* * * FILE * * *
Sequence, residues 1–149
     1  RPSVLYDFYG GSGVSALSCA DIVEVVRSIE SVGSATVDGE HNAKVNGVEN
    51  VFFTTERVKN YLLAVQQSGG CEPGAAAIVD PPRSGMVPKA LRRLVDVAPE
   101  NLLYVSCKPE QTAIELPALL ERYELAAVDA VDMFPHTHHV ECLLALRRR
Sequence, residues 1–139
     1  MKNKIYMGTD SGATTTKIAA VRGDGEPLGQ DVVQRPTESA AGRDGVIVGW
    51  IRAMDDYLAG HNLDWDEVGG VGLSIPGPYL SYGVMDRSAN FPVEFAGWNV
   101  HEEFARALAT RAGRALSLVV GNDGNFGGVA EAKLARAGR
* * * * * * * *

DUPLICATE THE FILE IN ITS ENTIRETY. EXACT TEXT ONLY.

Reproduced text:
Sequence, residues 1–149
     1  RPSVLYDFYG GSGVSALSCA DIVEVVRSIE SVGSATVDGE HNAKVNGVEN
    51  VFFTTERVKN YLLAVQQSGG CEPGAAAIVD PPRSGMVPKA LRRLVDVAPE
   101  NLLYVSCKPE QTAIELPALL ERYELAAVDA VDMFPHTHHV ECLLALRRR
Sequence, residues 1–139
     1  MKNKIYMGTD SGATTTKIAA VRGDGEPLGQ DVVQRPTESA AGRDGVIVGW
    51  IRAMDDYLAG HNLDWDEVGG VGLSIPGPYL SYGVMDRSAN FPVEFAGWNV
   101  HEEFARALAT RAGRALSLVV GNDGNFGGVA EAKLARAGR